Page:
My Column – In 1983 Newcastle Central voted Conservative – have Labour learned the lessons of history?

My father-in-law was a miner, and one of my wife’s earliest memories is receiving food parcels during the strike.

So believe me, I understand where the antipathy towards Thatcher comes from. But just before the strike, in 1983, Newcastle Central voted for Margaret Thatcher’s Conservatives (as did Darlington and Tynemouth).

The first reaction of anyone who grew up under Thatcher will be shock – how is this even possible? I wonder how many readers will head to Wikipedia to check that fact for themselves. The answer is, that Labour had chosen a Corbyn-style radical, Michael Foot, as leader.

The Labour Party was out of power for a generation, and it could be headed that way again. Whilst they won Newcastle Central back quickly, Darlington and Tynemouth took a little longer.

This time, it’s not Newcastle Central that will be at risk to the Tories – but seats like Hartlepool under threat to UKIP.

With the election of Jeremy Corbyn as leader of the Labour Party, the whole character of British politics has changed.

In one sense, that’s a good thing for democracy. There was a time, not so long ago, when the policies of Labour, Conservatives and Liberal Democrats were so similar to one another that only UKIP was offering anything substantially different to the status quo.

Lack of real choice leads to inability to effect change; that in turn leads to apathy, and apathy to low turnout at elections. In that sense, I welcome the change in Labour leadership.

In another, the thought of a 1970s-style tax and spend economy (which had inflation running over 25%) is rather chilling. You don’t help the poorest people by making the country poorer, you do it by making the country richer. We shouldn’t hand the Falklands to Argentina, or give up most of the country’s ability to defend itself.

There are problems, too, with a radical leading a non-radical party.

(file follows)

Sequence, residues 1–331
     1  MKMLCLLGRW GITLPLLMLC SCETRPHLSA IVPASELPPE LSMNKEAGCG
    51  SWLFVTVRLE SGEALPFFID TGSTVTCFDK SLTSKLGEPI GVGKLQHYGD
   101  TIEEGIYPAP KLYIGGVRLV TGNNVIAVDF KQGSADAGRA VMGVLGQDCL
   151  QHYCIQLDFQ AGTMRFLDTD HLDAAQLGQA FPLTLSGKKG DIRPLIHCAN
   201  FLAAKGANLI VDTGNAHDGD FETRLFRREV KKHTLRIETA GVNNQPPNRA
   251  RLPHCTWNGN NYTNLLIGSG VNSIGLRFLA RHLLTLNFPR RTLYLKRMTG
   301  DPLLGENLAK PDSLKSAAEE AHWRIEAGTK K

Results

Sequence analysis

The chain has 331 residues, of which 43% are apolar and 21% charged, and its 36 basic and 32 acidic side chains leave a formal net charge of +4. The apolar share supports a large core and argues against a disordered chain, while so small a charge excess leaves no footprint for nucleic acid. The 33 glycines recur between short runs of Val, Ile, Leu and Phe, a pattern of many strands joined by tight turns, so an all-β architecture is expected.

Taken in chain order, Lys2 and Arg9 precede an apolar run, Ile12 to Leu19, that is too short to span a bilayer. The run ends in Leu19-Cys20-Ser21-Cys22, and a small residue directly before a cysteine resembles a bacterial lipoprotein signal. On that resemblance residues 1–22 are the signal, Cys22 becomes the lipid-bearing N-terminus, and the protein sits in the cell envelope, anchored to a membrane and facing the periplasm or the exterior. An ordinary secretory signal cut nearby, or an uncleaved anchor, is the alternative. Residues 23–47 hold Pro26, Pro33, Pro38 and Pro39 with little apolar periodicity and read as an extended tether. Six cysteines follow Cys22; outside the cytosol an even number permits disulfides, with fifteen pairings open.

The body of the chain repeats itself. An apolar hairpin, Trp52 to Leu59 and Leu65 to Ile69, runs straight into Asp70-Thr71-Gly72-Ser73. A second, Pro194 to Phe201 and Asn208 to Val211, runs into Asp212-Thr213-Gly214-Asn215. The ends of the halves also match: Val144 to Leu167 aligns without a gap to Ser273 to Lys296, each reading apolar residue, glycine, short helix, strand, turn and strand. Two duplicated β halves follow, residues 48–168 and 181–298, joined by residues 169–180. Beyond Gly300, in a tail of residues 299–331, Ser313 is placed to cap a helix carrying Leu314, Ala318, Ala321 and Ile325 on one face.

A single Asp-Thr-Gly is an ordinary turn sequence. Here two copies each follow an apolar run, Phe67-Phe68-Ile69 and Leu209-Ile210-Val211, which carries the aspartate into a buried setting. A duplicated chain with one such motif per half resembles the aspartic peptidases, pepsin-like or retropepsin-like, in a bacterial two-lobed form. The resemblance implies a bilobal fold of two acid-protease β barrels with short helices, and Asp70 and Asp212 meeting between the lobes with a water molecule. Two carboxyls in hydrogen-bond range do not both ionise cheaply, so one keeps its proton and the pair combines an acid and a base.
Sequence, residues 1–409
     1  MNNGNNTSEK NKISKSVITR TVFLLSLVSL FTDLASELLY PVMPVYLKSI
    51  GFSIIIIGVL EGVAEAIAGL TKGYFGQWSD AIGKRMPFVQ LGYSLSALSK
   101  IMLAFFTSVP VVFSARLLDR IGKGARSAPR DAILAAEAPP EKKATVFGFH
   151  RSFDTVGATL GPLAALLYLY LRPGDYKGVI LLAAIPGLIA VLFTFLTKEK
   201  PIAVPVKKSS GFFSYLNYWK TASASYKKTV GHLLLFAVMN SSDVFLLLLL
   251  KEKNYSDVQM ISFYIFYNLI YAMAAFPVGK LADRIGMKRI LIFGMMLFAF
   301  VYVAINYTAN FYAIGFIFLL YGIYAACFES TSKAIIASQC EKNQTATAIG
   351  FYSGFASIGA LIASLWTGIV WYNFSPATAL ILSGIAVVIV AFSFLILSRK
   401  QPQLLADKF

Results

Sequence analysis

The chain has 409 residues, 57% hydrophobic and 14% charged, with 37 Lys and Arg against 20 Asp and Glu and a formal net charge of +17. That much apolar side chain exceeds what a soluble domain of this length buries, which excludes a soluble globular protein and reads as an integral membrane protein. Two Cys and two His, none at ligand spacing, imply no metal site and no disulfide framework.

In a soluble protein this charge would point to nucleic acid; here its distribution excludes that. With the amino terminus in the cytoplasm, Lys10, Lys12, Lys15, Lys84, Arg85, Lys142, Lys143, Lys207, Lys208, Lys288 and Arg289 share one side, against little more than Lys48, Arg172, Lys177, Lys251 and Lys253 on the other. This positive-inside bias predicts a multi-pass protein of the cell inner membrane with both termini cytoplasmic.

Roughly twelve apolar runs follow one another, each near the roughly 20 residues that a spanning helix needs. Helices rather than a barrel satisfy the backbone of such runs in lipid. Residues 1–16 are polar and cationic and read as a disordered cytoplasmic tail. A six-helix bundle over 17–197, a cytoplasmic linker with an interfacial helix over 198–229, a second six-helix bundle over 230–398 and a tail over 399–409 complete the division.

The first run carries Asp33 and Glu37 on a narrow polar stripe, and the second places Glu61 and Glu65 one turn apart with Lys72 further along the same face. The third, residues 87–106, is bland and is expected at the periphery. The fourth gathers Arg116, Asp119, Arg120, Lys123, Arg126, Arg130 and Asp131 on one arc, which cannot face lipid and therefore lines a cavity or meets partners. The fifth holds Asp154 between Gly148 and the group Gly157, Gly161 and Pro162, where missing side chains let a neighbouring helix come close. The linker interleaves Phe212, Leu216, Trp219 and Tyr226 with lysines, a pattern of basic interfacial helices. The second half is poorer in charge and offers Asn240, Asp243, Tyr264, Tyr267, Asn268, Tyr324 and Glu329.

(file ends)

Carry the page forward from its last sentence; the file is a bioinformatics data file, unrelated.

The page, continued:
With most of the top talent in the Labour Party refusing to serve in a frontbench position under Corbyn, he’s resorted to appointing a convicted arsonist (sentenced to 16 months in prison) as his Education spokesman in the Lords.

His new shadow chancellor has, under pressure, offered a lukewarm apology for pro-terrorist comments.

I won’t rehearse the full list of Corbyn gaffes; there isn’t space in this column. I will merely say this: he is auditioning for the job of Prime Minister. Things you can get away with as a backbench campaigner won’t pass muster as Leader of the Opposition. Divided parties lose elections, badly.

Ultimately, though, the reason the Conservatives won so many Labour strongholds in 1983 was economics.

When you’re a backbench MP in opposition, you can get away with proposing a string of bizarre uncosted measures and back it up with fairytale economics. Sooner or later, though, you have to grow up.

I know the feeling: UKIP’s 2010 manifesto felt great, but had more holes than Swiss cheese. We had to grow up, and we did. Our 2015 manifesto was professionally, independently costed – unlike any other manifesto of any other Party.

Yet Jeremy Corbyn seems wedded to the idea of saving, and spending, massive amounts of money through clamping down on tax avoidance and tax evasion. I’m all for clamping down on those things, but a dose of realism is necessary. The astronomical sums suggested cannot be raised for the exchequer.

He may have thought of a catchy phrase in People’s Quantitative Easing (PQE) but history teaches us that printing money to boost public spending doesn’t work. It caused mass inflation and poverty in Zimbabwe and Weimar Germany. It caused the Latin American debt crisis of the 1970s.

There is an initial attraction and appeal of new ideas. Once they’ve been tested in debate and during a General Election campaign, their flaws become obvious. Who would want to risk a return to the kind of economy we had in the 1970s?

Back in 1983, the people of Newcastle Central were so scared that they elected a Conservative MP. In 2020, there will be another show in town. Those unhappy with Labour may well find a new home in the pro-working class UKIP.